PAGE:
2. Light & Motion VIS 360+ headlight/tail light (Brendan bought this for me at Interbike). I've been commuting with this teeny tiny headlight tail light combo since Sept, and it has made my life so much easier. First off, it is seriously small, and light, and has a great helmet mount, so I never have to take it off my helmet. Second, it is rechargeable with a smooshed USB, so I can just plug it into the wall a few times a week, and it's ready to go. Lastly it's super easy to adjust the angle of the light, and it's bright enough for my pitch black commute every day!

3. Stan's No Tubes tire sealant (Stan's was my wheel sponsor last year, but we buy the sealant by the boatload with our own dollars). I think almost everyone who rides bikes knows how rad this stuff is, but I am seriously so stoked every weekend when Carl and I finish our 6+ hour rides in the Santa Ana's (full of sharp rocks) or Laguna (full of cactus) and don't have to fix a single flat. We have been doing long rides together for over a year now, and I remember 2 flats, seriously, just 2. Also at some point in that 50 mile race I did last weekend I ran over a nail, but didn't even know until I looked closely at my tire today, because the Stan's stepped right in and sealed that bad boy up. I never even had to put more air in it!
Can you see the nail? I can't believe I never knew it was there. How rad is that?!
4. Oakley Radar Lock Sunnies in the real big lense size (not really a sponsor, but kinda a sponsor, I'm not sure, they are very generous and kind those Oakley peeps). I actually just got hooked up with a new pair of these last night, but holy heck are they good. I took my old Smith Piv-lock's off and put these guys on to instantly feel like a blind person being given the gift of sight. I wore them till well after sundown last night, and never felt like they were inhibiting my sight, and today they made the ride home a ton more enjoyable. 

5. Marin Mt. Vision (sponsor). Well the cat is out of the bag now, that Marin is not sponsoring me next year, but I don't think I want to ride any other bike because I have absolutely and completely fallen head over heals in love with that Mt. Vision. I've spent 6+ hours in the saddle on that bike every Saturday for the past 4 or 5 weeks, and I have never once been unhappy with that rig. It climbs like a beast, descends like a champ and is just all around fun to shred on. I like the super slack front end, even when I'm climbing, and it's light enough to get me QOMs, but heavy duty enough to withstand a good Pinos beating.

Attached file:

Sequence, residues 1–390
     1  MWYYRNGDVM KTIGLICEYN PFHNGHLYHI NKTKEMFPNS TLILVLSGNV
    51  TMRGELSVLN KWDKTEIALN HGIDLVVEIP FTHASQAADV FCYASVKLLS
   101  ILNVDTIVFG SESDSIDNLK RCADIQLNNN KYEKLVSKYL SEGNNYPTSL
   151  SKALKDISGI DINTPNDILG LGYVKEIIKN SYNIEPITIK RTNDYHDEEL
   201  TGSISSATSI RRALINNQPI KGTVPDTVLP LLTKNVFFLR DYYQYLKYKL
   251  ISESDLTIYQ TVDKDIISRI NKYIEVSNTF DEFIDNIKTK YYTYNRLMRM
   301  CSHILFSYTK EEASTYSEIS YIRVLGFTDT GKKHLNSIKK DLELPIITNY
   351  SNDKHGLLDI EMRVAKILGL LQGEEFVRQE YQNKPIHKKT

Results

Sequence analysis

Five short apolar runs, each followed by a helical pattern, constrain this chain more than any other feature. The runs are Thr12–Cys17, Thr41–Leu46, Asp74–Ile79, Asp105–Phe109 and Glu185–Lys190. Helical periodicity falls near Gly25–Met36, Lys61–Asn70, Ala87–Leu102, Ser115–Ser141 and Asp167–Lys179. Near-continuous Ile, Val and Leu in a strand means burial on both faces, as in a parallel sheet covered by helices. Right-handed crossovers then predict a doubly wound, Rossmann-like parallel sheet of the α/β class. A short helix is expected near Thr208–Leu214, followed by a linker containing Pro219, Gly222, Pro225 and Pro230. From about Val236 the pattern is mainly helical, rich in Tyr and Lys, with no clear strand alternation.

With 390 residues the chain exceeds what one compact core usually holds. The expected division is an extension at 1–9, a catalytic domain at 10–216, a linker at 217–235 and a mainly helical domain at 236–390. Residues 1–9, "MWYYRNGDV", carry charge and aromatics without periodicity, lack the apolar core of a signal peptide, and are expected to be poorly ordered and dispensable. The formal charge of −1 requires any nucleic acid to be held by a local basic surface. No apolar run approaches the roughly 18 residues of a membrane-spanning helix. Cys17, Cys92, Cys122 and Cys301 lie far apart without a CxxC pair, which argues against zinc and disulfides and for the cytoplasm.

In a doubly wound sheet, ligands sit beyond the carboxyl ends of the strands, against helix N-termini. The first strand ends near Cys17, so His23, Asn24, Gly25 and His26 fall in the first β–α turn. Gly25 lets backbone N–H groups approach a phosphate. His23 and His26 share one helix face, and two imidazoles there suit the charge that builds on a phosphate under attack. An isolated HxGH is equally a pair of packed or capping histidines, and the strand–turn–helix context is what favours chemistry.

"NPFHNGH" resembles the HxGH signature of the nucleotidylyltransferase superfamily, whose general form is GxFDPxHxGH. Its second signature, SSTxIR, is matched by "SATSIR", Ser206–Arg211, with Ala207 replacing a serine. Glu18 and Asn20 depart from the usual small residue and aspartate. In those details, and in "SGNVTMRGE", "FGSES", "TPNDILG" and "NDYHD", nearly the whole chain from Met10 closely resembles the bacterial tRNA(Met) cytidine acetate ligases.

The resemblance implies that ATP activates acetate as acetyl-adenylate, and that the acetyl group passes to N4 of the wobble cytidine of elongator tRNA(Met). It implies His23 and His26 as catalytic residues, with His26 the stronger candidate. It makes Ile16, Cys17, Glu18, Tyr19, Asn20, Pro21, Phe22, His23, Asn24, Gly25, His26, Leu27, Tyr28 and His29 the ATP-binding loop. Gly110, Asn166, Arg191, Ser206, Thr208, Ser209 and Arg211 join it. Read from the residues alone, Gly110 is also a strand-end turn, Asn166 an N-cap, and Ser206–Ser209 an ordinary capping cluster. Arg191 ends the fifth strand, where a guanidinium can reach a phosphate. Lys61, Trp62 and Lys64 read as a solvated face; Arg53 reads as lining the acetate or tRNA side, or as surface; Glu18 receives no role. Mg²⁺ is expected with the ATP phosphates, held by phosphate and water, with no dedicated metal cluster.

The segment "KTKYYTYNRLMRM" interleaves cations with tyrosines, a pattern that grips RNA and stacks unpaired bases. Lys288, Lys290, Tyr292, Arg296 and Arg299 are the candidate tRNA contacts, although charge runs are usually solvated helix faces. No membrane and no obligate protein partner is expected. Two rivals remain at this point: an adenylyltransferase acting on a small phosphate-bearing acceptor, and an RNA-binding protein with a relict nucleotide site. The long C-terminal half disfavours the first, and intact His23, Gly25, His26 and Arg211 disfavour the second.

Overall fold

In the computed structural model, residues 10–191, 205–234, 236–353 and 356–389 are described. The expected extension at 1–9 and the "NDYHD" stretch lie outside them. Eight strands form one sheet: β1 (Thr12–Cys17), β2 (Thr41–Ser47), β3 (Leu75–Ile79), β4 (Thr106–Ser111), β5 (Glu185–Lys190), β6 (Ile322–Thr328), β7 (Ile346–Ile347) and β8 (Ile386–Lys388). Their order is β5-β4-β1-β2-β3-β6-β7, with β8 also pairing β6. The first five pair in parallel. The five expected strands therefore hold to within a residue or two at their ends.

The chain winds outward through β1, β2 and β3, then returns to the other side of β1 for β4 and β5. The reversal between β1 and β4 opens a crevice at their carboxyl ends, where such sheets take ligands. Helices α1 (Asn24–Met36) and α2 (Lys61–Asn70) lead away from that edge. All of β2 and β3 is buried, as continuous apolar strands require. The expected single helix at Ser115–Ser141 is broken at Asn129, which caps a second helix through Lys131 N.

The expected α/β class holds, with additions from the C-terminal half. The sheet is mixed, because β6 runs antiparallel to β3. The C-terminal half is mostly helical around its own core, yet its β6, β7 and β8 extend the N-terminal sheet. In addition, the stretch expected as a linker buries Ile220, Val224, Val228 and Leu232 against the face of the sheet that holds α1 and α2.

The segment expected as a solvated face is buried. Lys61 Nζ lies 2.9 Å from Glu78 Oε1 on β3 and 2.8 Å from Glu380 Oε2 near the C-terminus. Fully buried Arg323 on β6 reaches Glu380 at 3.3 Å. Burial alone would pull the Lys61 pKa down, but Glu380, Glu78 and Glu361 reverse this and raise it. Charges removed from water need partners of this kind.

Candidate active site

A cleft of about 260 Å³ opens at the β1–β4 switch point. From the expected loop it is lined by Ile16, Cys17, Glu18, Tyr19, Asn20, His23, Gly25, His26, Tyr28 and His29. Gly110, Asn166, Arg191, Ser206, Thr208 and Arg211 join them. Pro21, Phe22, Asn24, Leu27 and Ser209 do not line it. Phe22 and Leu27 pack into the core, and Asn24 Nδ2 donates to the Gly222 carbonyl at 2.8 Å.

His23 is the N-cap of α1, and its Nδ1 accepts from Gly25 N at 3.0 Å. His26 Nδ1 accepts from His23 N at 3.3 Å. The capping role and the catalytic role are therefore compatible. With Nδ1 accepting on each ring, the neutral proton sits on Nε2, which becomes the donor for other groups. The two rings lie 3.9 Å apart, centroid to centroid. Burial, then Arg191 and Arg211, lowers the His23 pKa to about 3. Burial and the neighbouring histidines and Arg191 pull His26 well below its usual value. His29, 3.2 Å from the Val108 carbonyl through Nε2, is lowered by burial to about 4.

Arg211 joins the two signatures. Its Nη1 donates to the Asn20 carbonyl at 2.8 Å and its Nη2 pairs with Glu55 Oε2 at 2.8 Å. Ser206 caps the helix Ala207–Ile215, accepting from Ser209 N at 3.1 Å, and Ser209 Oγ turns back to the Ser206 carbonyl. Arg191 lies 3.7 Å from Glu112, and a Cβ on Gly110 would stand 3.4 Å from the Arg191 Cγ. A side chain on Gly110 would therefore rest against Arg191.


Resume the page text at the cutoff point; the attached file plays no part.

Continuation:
There are a ton of other super cool products I use, like that beyond delicious GU Energy Labs Recovery Brew, and the Pearl Izumi X-Project shoes that hike and ride like a second skin, but the above list is stuff that I cannot stop thinking about. I seriously tell random people out on the trail about that rear tire, it's that good. 

So that's a quick report on what's been keeping me rolling, and smiling for the past few months! I hope you get the chance to try one or more of 'em out! 

Monday, November 3, 2014

What, A Race Recap In November?!

Yes, it's true, I raced my bike today. Well, it wasn't really supposed to be a race, but what can you do when a 50 mile dirt fondo starts out with a bunch of dudes tear-assing down some relatively flat, totally tacky dirt roads, besides tear-ass with them?

View of Main Divide from the 'sand lot' above Upper Holy Jim.
This story actually starts on Saturday though, because Saturday's ride was noteworthy in itself (and I actually have pics from Sat!). Carl and I took our chances with the rain and low clouds on Sat morning, and headed out into the Santa Ana's at 8am. We climbed Holy Jim in what was probably the most scenic conditions ever. Red and orange leaves on the ground, bright green shrubs everywhere, wet dirt, and beautiful clouds surrounded us. We did get rained on during the climb up Main Divide to the top of Upper HJ, but the view from the top was well worth it. Huge, scary looking clouds were rolling over the range below us, and we could see sunshine down in Riverside County, where we were headed.